The Adult Film Minute: Why Does The Vocal Anti-Porn Lobby Refuse To Debate?

07.10.14 3 years ago 33 Comments
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Once per month, Dr. Chauntelle Tibbals will be telling us a little bit about what’s going on in adult entertainment and why it should matter to you.

Porn is not just about people having sex and others watching it, even if that is the fun part. Porn is a business, as well as a community and culture with a wider sense of place and space. As such, porn also has events, and these events are not all *just* expos and trade shows. Sometimes there are debates, and sometimes those debates are about serious topics – things like women working in the adult industry. One such event is coming up on July 22nd.

Sssh.com, the self-described “premier porn-for-women site,”* recently announced an event called “Women in Porn: Shattering the Myths.” “Women in Porn” is slated as “an interactive [four-person] panel discussion that pits prominent women working in the adult entertainment industry against some of porn’s harshest critics to debate the nature of the industry and women’s changing role in it.” (quote here, site NSFW)

(*I’m not gonna get into debates related to the genre and moniker “porn for women” today, but trust me – they exist)

Cool! But also, who cares? It’s 2014 – aren’t we over all this women in porn stuff yet?

Well… Personally, I care about this event for two reasons. First, though it may seem so 1980s, anti-porn people still discuss adult entertainment as this giant monolith that only employs (read: exploits) women as performers. Not true – women work in every facet and at every level in the adult industry. Now, there are myriad complex issues related to the gendered distribution of labor in porn, but this is not unlike what occurs in every single other industry and workplace. A lot of my academic work has explored issues related to these phenomena, so I care about “Women in Porn” because of that.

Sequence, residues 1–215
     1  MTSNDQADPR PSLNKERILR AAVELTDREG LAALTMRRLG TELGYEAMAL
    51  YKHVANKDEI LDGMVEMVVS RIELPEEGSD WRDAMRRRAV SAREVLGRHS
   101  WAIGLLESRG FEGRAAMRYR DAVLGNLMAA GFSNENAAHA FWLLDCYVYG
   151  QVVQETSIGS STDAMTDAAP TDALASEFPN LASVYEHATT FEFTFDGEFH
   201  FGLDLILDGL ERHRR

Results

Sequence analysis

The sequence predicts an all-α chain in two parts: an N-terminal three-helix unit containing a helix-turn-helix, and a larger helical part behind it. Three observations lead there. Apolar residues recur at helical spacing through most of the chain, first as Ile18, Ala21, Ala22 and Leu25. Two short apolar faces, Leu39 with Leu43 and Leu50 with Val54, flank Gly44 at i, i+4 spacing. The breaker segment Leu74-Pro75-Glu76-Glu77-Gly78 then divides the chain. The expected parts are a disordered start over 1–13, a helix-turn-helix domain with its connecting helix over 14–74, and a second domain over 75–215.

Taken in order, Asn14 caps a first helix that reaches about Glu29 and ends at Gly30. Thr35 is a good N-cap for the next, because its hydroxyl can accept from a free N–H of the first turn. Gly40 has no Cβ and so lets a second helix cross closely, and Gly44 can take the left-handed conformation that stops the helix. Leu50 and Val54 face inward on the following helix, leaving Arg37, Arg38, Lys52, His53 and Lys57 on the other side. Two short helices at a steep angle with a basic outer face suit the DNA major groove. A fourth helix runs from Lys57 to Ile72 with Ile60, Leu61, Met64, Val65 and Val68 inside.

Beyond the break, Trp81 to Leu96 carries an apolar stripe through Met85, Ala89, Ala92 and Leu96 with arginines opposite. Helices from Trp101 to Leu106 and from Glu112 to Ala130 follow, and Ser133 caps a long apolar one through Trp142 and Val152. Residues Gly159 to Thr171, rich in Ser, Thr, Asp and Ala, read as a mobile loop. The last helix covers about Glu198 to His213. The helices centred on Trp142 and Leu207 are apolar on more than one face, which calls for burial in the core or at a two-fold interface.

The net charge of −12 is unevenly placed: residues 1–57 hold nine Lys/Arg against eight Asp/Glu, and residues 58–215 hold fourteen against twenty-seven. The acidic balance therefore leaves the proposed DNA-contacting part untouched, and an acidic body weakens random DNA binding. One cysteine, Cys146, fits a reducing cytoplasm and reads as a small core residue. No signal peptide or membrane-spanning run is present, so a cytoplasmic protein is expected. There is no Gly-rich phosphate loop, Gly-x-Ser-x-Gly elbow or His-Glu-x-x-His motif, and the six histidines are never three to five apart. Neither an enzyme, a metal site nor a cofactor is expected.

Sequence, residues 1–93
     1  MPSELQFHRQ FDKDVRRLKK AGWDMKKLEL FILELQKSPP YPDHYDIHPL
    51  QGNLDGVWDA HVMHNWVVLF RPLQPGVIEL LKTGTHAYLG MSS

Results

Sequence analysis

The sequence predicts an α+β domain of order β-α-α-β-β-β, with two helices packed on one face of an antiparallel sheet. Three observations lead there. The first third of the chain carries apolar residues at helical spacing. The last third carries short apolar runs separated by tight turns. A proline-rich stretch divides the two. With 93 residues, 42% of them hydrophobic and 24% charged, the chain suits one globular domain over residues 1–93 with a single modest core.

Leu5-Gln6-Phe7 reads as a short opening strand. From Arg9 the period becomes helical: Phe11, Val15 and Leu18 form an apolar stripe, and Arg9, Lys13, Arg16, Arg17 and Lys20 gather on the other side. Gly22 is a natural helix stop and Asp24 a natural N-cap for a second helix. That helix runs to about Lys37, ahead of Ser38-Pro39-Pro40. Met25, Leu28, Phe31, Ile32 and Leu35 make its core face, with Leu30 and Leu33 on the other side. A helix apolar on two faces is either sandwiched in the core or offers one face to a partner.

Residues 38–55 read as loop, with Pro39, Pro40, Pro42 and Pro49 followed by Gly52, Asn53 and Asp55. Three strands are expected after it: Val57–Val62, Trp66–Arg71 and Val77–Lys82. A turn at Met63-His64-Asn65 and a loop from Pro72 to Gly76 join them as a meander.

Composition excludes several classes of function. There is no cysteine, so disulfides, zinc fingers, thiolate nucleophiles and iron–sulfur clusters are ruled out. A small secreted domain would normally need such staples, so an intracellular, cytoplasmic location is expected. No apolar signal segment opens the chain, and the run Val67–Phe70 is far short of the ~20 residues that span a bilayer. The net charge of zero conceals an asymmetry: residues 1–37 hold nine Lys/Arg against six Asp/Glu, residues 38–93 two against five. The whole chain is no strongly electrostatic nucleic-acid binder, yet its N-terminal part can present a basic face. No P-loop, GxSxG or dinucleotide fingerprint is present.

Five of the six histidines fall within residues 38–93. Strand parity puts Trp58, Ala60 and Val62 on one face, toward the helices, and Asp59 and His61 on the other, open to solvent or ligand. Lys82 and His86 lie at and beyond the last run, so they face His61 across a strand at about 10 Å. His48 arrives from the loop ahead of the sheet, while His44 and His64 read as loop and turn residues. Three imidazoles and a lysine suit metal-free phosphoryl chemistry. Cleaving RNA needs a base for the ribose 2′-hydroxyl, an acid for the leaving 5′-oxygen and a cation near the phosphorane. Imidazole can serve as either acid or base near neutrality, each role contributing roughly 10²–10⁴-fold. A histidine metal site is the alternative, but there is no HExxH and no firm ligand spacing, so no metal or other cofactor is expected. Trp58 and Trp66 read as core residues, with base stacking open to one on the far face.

But I also care about this event for a second reason – I helped organize it, and I’m also moderating it. (full disclosure here, people!)

A few months ago, the folks at Sssh asked for my input regarding the structure of the event, possible speakers, and developing questions/topics. I was obviously happy to oblige and have had a good time working through planning details, talking impact, and helping secure three killer speakers…

Wait, what?

Yes – as of this moment, we have a four-person event scheduled with only three participants. (!!!!!)

We have a performer, an executive/producer, and a woman who rides an interesting cultural line between “real” sex and porn. BUT – as of right now, at this very moment, we cannot find an anti-porn person who will agree to participate. (!!!!!)

We’ve already invited all the big names – you know, the ones who plan anti-porn conferences, rally on college campuses, and speak endlessly to media about the how bad adult entertainment is. Declined. The event is will be done completely via webcast, so it doesn’t involve travel (or even any shared airspace with porn people). Denied. We’ve reached out to organizations, activists, professors, former performers turned speakers, and even self-described recovering porn addicts. Thanks, but no thanks.

So then, how in the hell are we supposed to have a discussion that brings together a wide range of perspectives on porn when one of the most vocal positions – anti-pornography – refuses to engage?

It’s like Tito Ortiz calling out Chuck Liddell ten some odd years ago and then stalling, stalling, stalling when Chuck was like “Let’s go!” …only to get his ass handed to him – twice.

Le sigh.

The “Women in Porn: Shattering the Myths” event is scheduled for July 22, 2014 at 3pm EST. The live video broadcast will be available to viewers free of charge on MindBrowse.com. You should come watch, listen, and send questions via twitter at @ssshforwomen and #WomenInPorn.

Dr-CTibbals

Chauntelle Tibbals is an embedded public sociologist. Her research has been published in numerous scholarly journals, and her ebook series You Study What? is available on Amazon. She has been studying the adult entertainment industry for more than ten years.


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